AnswerOn’s Director of Project Management, Chris Johnson will be writing a series of posts about common miscues we see in designing policies in the Call Center. Many times we have observed well-meaning performance management solutions result in negative unintended consequences. Chris currently handles manager trainings on our Solution, directs our cloud based “big data” customer analytics, and is a main point of contact for executives seeking to improve attrition. He’s seen customers make large-scale, disastrous policy changes to their call centers – resulting in higher attrition, and he’s seen small changes implemented that end up with much bigger impacts than anticipated. We hope this series of “Call Center Nightmares” helps you avoid making these mistakes in your own call center!

By: Chris Johnson, Director of Project Management

When you have many employees, you need to have a blanket discipline system that applies to all employees and covers things like unplanned absences, tardiness, low KPIs, etc. Disciplinary policies can be tricky things. We’ve seen many call centers make mistakes on choosing policies and in how they implement them. The trouble with policies is that they often don’t account for the human element of how agents will perceive the discipline and how they’ll react to it. In the many Virtual Focus Groups (VFGs) we have conducted with agents1, we’ve found there is a prevailing thought pattern for agents who receive reprimands: single failures equate to ultimate failures.

The outcome of the disciplinary systems being enforced is often the opposite of what was intended: the agent feels like their failures leave them no choice but to quit because there is no path forward. In some cases, this may be true, but it is dependent on the type of offense and the history of the individual. Call centers must maintain a delicate balance between correcting behavior without creating the perception that agents reprimanded have no future.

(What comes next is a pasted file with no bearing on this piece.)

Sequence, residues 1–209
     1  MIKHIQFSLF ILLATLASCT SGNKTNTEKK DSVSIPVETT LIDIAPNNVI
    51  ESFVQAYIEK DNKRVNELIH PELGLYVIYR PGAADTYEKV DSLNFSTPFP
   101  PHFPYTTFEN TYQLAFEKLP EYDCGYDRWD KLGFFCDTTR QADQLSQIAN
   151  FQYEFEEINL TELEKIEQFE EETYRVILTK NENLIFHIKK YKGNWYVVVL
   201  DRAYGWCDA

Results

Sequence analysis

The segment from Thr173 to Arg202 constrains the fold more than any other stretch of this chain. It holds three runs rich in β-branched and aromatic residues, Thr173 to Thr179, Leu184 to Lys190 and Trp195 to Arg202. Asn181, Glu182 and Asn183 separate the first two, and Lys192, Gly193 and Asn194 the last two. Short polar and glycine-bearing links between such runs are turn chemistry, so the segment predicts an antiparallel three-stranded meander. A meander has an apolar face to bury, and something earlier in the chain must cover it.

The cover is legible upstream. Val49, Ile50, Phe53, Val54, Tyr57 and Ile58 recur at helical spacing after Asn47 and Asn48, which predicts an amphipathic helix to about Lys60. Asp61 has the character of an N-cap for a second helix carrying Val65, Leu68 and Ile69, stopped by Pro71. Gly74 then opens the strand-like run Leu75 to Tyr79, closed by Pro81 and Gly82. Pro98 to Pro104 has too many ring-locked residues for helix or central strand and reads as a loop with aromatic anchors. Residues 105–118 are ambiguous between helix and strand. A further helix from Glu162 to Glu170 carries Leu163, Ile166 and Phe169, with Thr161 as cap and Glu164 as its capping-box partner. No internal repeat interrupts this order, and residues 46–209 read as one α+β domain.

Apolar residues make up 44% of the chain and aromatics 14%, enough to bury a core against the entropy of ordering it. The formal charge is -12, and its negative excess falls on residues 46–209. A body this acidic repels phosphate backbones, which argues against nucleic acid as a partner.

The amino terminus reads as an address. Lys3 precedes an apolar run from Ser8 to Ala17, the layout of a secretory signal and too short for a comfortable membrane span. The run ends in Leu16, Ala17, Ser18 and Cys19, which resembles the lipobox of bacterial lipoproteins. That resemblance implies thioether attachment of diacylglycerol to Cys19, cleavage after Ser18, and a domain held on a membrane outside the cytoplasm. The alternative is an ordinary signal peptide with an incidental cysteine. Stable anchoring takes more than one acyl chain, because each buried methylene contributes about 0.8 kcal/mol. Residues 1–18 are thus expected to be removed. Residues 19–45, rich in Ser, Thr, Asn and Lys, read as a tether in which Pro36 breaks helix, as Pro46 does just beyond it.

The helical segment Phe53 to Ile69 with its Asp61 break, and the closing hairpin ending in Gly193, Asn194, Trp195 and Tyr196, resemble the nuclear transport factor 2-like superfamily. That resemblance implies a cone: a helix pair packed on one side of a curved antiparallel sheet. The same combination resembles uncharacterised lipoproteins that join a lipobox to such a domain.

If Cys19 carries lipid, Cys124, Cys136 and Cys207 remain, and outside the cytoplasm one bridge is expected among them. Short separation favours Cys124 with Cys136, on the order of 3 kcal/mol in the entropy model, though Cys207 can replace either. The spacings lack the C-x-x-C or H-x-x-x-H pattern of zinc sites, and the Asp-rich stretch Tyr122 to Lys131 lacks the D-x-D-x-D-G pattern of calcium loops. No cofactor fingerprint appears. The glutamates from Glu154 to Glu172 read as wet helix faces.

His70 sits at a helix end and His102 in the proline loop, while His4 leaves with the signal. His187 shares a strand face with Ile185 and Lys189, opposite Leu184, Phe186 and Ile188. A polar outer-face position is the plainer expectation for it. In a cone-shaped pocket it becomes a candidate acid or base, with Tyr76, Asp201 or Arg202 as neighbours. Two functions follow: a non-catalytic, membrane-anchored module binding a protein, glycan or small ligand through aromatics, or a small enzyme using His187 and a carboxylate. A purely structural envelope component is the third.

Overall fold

Here are some examples of discipline policies that started with the best intentions but had, generally bad, unintended consequences:

The Room of Shame

Cone of ShameA call center wanted to provide their low-performing agents with a separate, quiet, space where they could have more individualized attention and get help from senior supervisors. This sounds like it could be very beneficial, depending on the way it was implemented. In this case, the lowest performing agents were removed from their normal seats on the call center floor and were put in a separate room, totally isolated from the rest of the call center. Everyone on the floor knew that they were being taken away as poor performers, so a stigma became attached to anyone who had been moved to the isolated room for being a poor performer.

Instead of appreciating the extra personal assistance, many agents felt like prisoners sentenced to solitary confinement. It made them embarrassed and agents often abandoned their job before they could ever see the benefits of having the specialized attention.

The No-Win Catch-up Game

Another issue we’ve come across is the enforcement of attendance policy point systems early in the agent life cycle. Agents who receive disciplinary measures while in training, such as points for being late, already have strikes against them the very first time they walk out onto the production floor. In some of our Virtual Focus Groups (VFGs),  agents complain about attendance points they earned in training following. Now that the agents are on the floor, they have no wiggle room for attendance or performance mishaps. These can be potentially valuable and high performing agents who feel “behind the 8-ball” and thus are more likely to leave than wait for their old attendance points to expire off their record.

Performance Improvement Plans